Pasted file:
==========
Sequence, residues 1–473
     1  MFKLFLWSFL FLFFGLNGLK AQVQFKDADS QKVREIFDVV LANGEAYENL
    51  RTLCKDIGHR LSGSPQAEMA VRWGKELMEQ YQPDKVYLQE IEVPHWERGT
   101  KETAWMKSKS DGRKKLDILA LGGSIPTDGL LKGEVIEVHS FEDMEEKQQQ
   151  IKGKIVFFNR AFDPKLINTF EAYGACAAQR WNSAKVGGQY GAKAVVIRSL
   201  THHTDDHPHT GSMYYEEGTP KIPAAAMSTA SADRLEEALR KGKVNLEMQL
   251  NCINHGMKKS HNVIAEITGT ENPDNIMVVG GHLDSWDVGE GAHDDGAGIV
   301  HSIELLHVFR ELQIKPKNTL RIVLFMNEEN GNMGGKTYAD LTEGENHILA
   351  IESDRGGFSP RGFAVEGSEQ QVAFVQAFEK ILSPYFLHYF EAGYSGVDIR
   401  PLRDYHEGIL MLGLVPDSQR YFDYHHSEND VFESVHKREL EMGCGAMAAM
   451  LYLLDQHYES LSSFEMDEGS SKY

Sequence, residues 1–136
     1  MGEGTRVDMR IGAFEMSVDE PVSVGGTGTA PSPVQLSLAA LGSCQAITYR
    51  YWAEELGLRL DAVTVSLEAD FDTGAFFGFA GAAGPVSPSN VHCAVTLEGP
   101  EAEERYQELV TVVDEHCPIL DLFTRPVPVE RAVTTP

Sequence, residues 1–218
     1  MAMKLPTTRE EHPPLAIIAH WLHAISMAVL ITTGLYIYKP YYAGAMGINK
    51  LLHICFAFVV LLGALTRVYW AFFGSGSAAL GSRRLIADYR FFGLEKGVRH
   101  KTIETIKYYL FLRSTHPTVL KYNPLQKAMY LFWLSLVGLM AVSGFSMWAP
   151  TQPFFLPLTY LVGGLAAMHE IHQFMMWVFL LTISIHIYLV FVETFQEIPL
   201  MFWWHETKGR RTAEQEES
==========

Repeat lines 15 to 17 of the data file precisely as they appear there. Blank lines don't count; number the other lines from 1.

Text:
   101  EAEERYQELV TVVDEHCPIL DLFTRPVPVE RAVTTP

Sequence, residues 1–218
     1  MAMKLPTTRE EHPPLAIIAH WLHAISMAVL ITTGLYIYKP YYAGAMGINK